Cayman veterans attended service
On this day, 15th August, Operation Pedestal, the Convoy to save Malta is celebrated – Convoy ta Santa Marika.
Although the Second World War started in Europe in 1939 it was fairly quiet, a phoney war, until May 1940 when Nazi Germany launched its Blitzkreig campaign. German invasion forces swiftly overcame any opposition and in short order France, Belgium, Holland and Denmark were compelled to surrender. Off the shores of mainland Europe, only Britain was prepared to continue in a deathlike struggle. Prepared is deliberately used here. The country was prepared in willingness but equipment-wise it was surely not. Most thinking people living outside Britain, including leading politicians and diplomats in the United States, thought that Britain stood no chance and a successful German invasion of Britain was inevitable.
For this reason, the Italian dictator, Mussolini decided to avail his country of easy pickings and collect some of the spoils of war. Knowing that there were few British forces in the Mediterranean, he declared war on Britain and its Empire. His air force started bombing Malta that was defended from the air by a few obsolete aircraft. The most famous of these incidentally were three early 1930s Gloster Gladiator bi-planes, soon after to be named, Faith, Hope and Charity. Later, a few hurricanes boosted the islands defences. But these were older marks of aircraft, too old in fact to be utilized in Britain.
Supplies for Malta had to be transported from Britain through the eastern Atlantic and past the Straits of Gibraltar and then on a perilous voyage to the island itself. The trouble for Britain was that the Italians had a significant fleet of submarines and large numbers of cargo ships were inevitably sunk.
By this time, the German Army was having a successful campaign in North Africa but to ensure its supplies could be safely brought across to North African ports the British domination of the Mediterranean had to be overcome. The key was Malta. Eliminate Malta and the Med would be safe for German shipping. Germany therefore started to support the bombing campaign but used up-to-date modern aircraft.
Malta is not a large island, not even twice the size of Cayman but had a population of 400,000. Most people are aware of the bombing of London in 1941 and 1942 but the bombing in Malta far exceeded the punishment inflicted on Britain’s capital in this period. Food rationing provided only a very limited amount – nowhere near enough to properly sustain an active person. Fuel and ammunition were also desperately short.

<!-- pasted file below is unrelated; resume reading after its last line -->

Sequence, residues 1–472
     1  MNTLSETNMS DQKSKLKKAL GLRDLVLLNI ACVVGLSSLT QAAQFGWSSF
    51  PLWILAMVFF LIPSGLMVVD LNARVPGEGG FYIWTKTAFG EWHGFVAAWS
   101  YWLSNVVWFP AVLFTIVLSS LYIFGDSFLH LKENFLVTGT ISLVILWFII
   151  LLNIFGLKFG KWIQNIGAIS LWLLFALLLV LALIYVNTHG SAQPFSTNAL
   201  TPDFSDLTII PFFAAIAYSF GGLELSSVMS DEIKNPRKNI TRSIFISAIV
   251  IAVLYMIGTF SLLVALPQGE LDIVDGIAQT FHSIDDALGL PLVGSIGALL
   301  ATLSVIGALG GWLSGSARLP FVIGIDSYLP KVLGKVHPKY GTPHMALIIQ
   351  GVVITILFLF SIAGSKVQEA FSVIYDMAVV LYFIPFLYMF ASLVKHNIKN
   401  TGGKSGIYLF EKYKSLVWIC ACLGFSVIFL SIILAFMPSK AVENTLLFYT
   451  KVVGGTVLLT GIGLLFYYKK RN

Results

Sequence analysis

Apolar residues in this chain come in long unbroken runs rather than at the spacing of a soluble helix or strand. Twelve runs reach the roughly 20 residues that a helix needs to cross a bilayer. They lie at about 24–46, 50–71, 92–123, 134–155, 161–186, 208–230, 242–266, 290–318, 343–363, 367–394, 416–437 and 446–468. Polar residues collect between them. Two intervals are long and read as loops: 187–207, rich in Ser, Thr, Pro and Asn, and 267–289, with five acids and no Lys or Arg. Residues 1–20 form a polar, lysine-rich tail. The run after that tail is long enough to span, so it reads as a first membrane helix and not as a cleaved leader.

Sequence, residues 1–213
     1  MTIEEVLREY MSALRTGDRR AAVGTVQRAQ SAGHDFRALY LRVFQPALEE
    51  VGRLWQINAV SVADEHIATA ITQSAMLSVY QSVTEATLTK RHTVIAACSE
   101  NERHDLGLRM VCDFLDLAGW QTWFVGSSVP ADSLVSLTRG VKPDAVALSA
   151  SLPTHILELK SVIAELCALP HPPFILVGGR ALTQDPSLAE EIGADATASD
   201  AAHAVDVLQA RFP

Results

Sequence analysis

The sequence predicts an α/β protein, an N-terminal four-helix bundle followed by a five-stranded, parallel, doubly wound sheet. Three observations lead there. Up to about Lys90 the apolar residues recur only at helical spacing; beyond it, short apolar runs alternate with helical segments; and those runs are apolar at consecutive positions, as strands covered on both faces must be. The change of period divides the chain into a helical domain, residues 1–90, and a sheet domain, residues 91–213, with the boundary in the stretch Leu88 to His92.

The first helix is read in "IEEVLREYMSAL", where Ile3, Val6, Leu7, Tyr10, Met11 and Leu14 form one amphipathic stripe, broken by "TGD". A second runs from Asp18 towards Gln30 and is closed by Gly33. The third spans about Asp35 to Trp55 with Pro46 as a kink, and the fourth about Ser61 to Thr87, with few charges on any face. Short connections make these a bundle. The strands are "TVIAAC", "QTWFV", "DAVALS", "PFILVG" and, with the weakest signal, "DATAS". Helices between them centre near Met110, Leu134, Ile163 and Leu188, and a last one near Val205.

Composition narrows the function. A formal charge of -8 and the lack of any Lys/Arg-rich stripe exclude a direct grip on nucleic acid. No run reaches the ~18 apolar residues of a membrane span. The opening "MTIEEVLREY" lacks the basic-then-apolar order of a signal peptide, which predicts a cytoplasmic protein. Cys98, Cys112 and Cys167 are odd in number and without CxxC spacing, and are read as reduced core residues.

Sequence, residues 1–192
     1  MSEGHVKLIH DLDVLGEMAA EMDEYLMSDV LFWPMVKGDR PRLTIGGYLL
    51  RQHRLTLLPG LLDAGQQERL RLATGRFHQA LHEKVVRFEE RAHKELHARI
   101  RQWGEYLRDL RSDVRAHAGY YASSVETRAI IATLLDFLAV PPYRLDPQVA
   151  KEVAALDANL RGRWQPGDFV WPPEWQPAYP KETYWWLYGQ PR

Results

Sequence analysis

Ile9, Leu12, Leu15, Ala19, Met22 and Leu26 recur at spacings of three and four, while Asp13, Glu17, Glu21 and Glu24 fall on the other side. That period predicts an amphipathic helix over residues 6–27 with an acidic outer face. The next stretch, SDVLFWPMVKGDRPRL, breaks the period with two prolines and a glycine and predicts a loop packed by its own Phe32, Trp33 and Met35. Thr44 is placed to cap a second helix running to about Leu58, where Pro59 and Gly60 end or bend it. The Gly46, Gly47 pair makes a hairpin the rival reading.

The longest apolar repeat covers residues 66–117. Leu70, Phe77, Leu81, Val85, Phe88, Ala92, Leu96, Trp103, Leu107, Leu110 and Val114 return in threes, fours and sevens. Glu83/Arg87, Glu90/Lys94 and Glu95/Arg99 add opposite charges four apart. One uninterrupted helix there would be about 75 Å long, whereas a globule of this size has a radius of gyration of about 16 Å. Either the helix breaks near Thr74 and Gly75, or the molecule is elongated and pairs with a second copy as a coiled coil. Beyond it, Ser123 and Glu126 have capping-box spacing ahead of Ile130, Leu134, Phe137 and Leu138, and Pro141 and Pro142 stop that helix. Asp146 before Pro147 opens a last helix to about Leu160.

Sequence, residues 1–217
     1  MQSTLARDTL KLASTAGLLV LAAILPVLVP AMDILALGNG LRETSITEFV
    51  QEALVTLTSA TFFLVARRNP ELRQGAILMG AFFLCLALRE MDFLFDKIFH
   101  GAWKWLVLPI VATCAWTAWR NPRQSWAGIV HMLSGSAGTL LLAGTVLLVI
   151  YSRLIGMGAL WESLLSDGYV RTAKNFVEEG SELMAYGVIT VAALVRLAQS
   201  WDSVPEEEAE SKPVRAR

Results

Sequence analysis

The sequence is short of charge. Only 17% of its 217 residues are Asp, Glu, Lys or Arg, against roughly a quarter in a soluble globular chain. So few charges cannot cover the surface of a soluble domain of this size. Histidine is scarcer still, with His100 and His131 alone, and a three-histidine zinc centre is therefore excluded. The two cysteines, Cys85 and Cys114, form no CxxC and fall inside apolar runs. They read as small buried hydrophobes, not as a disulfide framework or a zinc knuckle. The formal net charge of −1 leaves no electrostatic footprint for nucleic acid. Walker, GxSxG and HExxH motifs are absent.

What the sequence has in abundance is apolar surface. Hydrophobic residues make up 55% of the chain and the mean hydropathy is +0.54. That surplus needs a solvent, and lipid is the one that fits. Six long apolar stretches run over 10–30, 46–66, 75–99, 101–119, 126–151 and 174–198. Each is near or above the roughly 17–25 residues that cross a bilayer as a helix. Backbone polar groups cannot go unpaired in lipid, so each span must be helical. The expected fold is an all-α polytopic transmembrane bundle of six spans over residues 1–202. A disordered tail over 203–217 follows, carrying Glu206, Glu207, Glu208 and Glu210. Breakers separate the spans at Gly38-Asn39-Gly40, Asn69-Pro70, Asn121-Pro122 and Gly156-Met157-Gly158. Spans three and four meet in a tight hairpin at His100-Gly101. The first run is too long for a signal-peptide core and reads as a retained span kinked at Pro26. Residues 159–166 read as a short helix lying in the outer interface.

The Royal Navy sent several small convoys to Malta but the interception rate was high and many ships were sunk. Fortunately for Britain and the Maltese, the German leader Hitler made a foolish mistake in June 1941 by invading Russia. The target was the oil fields and other materials that could be obtained. It was foolish in the timing in that it gave his armies only a few months before the terrible Russian winters would block all campaign movement. Also, to support his forces in the new invasion, German military might was transferred from North-West Europe and the Mediterranean to the countries from the Baltic to the Black Sea where the invasion was launched.
This gave some temporary respite to Malta as it was now principally just Italian aircraft bombing the island. But the situation was getting worse than desperate.
Momentarily, let us look at the Maltese people. For at least 7,000 years the people from the countries bordering the Mediterranean had passed through the island, some stayed a while, so the population developed its own physical characteristics and incidentally its own language. In 1810, Malta was occupied by the French but the British rudely suggested, with muskets, swords and bayonets that they should leave. In the following period of over 100 years, it was natural that British attitudes and thinking would hold sway. By the time we are talking about, 1942, most Maltese thought themselves as being British but living overseas from their mother country. What did the British military personnel who came to the island find? They found their preconception that the population was half priests and half goats was not true. They soon came to admire them for their tenacity and that they were stoical to the core of their being.
The British monarch, King George VI, awarded the island a medal only ever previously given to a civilian individual. The George Cross is the highest level of recognition for supreme acts of sustained bravery. He gave it to the island on 15th April, 1942. The citation read, ‘To honour her brave people I award the George Cross to the Island Fortress of Malta to bear witness to a heroism and devotion that will long be famous in history’.
It was clear that the Royal Navy remained vulnerable in the Med until the British Army could gain control of the North African coastline, and provide the Royal Air Force with secure bases. By 1942, the dangers to allied shipping were increased by the German deployment of their large fleet of submarines known as U-boats. But Winston Churchill, the British prime minister, decided that Britain must challenge the enemy at every opportunity. Malta, had suffered three years of bombardment from the Axis (Germany and Italy). In just two months, March and April 1942, Malta received twice the bomb tonnage dropped on London during the entire blitz.